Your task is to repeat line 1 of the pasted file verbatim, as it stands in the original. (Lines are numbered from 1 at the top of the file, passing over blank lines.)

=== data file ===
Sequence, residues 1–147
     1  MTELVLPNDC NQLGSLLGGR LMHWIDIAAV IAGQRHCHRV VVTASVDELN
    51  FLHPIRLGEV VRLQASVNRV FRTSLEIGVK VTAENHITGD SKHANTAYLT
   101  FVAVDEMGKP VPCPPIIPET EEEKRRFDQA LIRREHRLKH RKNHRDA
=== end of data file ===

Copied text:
Sequence, residues 1–147